Thursday, March 6, 2014

Process Management

            What are  processes and threads??

  • A process is simply an abstraction of a running program.
  •  Processes include a set of resources such as open files and pending signals, internal kernel data, processor state, an address space, one or more threads of execution, and a data section containing global variables.

  • Threads are the units of execution within a program.
  • In Linux Operating system, the scheduling of thread or processes take place with a common concept of tasks--  
A Linux Scheduler will schedule tasks and these tasks could be 

     1. a single-threaded process (e.g. created by fork without any thread library)
     2. any thread inside a multi-threaded process (including its main thread)
     3.kernel tasks, which are started internally in the kernel and stay in kernel space (e.g. kworke,kswapd etc...)
  •  Each thread within a process has a 1. unique program counter, 2. process stack, 3. and set of processor registers.

  • Threads are light weight. They don't have their own memory spaces and other resources unlike processes. All processes start with a single thread. So they behave like lightweight processes but are always tied to a parent "thick" process. So, creating a new process is a slightly heavy task and  involves allocating all these resources while cresting a thread does not. Killing a process also involves releasing all these resources while a thread does not. However, killing a thread's parent process releases all resources of the thread. 

  • A process is suspended by itself and resumed by itself. Same with a thread but if a thread's parent process is suspended then the threads are all suspended.  

  •  In Linux, a process is created by means of the fork() system call, which creates a new process by duplicating an existing one. 
  • The new process is an exact copy of the old process. (Now, a question might come immediately to our mind- who creates the first process?? The first process is the init process which is literally created from scratch during booting).
  • The process that calls fork() is the parent, whereas the new process is the child. The parent resumes execution and the child starts execution at the same place, where the call returns. The fork() system call returns from the kernel twice: once in the parent process and again in the newborn child(see the below diagram).


  • The fork() function is used to create a new process by duplicating the existing process from which it is called.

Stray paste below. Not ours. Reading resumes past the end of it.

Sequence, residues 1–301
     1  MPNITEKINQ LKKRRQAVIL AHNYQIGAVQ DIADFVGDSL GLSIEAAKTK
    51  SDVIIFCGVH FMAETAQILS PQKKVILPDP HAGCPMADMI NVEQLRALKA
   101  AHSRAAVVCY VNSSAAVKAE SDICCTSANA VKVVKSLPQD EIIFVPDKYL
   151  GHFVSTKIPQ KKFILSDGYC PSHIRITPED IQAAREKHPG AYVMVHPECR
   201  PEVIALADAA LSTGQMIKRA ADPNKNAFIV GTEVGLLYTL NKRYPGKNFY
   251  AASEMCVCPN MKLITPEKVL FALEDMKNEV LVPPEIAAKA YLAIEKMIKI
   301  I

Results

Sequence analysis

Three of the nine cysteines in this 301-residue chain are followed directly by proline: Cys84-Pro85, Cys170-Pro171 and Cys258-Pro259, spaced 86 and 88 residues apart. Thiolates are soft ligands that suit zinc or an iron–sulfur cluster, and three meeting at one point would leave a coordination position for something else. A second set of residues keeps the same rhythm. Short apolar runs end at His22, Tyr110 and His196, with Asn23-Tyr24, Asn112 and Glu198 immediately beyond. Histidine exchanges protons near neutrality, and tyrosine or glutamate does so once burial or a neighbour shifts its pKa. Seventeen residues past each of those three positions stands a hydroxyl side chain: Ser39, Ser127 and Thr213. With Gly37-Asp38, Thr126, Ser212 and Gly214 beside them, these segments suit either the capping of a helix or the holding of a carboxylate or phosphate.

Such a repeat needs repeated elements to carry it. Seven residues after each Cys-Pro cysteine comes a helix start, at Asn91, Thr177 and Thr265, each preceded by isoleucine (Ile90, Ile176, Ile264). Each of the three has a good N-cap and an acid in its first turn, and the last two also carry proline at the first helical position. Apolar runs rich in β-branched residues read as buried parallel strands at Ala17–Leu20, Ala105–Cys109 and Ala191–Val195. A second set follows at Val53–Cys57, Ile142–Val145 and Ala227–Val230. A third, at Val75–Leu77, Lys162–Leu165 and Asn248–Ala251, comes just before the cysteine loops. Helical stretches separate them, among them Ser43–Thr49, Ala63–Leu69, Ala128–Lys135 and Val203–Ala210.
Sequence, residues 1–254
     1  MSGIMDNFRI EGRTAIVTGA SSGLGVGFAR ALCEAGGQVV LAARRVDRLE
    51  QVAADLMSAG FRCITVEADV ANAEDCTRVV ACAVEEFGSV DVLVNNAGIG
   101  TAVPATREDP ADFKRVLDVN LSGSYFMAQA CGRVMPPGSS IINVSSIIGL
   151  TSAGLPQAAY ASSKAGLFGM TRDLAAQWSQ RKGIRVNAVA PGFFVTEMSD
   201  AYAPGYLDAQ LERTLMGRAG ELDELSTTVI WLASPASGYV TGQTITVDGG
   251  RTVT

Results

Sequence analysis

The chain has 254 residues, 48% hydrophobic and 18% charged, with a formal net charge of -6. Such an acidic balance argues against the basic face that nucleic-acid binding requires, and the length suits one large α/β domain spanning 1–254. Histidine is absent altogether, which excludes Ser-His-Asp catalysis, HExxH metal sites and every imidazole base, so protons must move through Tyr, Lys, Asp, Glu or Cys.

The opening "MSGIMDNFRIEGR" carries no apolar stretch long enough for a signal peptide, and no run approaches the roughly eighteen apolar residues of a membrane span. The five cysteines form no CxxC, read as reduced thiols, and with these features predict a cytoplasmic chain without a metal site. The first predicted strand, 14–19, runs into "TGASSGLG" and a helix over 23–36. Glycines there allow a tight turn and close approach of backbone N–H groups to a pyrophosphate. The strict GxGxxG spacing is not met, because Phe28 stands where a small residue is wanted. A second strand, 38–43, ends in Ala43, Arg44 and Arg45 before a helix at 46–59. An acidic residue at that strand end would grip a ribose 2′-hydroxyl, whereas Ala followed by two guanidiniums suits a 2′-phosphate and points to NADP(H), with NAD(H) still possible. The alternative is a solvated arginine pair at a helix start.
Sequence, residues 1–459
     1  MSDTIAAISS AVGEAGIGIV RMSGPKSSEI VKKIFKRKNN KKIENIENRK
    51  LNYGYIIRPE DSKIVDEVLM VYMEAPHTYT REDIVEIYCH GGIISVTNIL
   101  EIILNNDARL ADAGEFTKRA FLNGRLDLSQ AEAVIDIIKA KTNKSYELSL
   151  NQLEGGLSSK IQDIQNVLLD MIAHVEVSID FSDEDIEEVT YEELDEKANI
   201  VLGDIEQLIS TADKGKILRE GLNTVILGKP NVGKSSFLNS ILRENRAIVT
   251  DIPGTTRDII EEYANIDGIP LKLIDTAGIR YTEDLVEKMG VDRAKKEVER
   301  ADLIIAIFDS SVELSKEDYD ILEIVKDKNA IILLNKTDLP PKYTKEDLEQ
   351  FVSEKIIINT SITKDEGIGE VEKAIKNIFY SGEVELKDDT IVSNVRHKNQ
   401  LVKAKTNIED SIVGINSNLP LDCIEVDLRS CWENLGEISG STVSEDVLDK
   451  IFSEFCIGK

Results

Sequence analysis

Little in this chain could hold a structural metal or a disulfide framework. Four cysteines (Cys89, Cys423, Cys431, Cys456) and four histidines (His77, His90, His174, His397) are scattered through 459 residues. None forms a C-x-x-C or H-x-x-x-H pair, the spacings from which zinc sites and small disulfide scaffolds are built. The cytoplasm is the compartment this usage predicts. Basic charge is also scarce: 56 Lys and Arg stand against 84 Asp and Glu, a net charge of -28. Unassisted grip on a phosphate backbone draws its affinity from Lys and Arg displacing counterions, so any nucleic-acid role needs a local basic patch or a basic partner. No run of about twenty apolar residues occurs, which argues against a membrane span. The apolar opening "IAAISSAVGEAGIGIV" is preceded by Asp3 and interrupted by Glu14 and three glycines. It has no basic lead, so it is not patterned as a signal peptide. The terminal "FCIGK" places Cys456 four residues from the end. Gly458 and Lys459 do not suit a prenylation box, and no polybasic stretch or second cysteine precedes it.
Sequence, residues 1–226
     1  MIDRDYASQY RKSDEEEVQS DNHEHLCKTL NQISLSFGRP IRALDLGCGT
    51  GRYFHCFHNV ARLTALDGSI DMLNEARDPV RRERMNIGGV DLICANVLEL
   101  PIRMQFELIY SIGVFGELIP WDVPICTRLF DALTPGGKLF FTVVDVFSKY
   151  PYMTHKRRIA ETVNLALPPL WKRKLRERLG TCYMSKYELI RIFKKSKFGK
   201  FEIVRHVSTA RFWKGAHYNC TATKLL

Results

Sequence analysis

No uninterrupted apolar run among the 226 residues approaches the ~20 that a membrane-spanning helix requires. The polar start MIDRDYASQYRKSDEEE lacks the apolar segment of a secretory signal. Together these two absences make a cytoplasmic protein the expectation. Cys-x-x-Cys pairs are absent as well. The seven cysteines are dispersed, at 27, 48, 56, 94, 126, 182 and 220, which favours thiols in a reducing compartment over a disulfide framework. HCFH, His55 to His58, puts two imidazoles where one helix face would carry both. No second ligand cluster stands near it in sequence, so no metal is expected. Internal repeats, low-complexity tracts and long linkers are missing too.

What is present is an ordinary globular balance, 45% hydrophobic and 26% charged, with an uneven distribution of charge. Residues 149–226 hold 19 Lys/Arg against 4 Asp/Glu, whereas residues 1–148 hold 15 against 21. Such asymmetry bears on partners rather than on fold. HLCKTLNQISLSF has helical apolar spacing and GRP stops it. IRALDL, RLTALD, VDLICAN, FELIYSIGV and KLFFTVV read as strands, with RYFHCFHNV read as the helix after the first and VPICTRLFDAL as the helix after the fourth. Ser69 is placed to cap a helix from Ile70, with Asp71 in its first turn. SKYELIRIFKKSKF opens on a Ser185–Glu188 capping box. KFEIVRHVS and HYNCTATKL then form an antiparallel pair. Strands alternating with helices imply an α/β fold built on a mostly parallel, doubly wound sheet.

• The existing process from which this function is called becomes the parent process and the newly created process becomes the child process. 
  • Inside the newly created address space exec*() family of function calls is used to create a new address space and load a new program into it. In modern Linux kernels, fork() is actually implemented via the clone() system call, 
  • Finally, a program exits via the exit() system call. This function terminates the process and frees all its resources. 
  • Fork is the only mechanism to create new process, any other mechanism will inherently use fork inside.
  • A parent process can inquire about the status of a terminated child via the wait4()system call, which enables a process to wait for the termination of a specific process.
  • The  child is a duplicate copy of the parent but there are some exceptions to it.

  1. The child has a unique PID like any other process running in the operating system.
  2. The child has a parent process ID which is same as the PID of the process that created it.
  3. Resource utilization and CPU time counters are reset to zero in child process.
  4. Set of pending signals in child is empty.
  5. Child does not inherit any timers from its parent
  6. The child does not inherit its parent's memory locks (mlock(2), mlockall(2))
  7.  The child does not inherit outstanding asynchronous I/O operations from its parent.

              What is the return value of fork()?

  • If the fork() function is successful then it returns twice.
  •  Once it returns in the child process with return value zero and then it returns in the parent process with child’s PID as return value.
  •  This behavior is because of the fact that once the fork is called, child process is  created and since the child process  shares the text segment with parent process and continues execution from the next statement in the same text segment so fork returns twice (once in parent and once in child).

fork() in action

 #include <sys/types.h>
#include <unistd.h>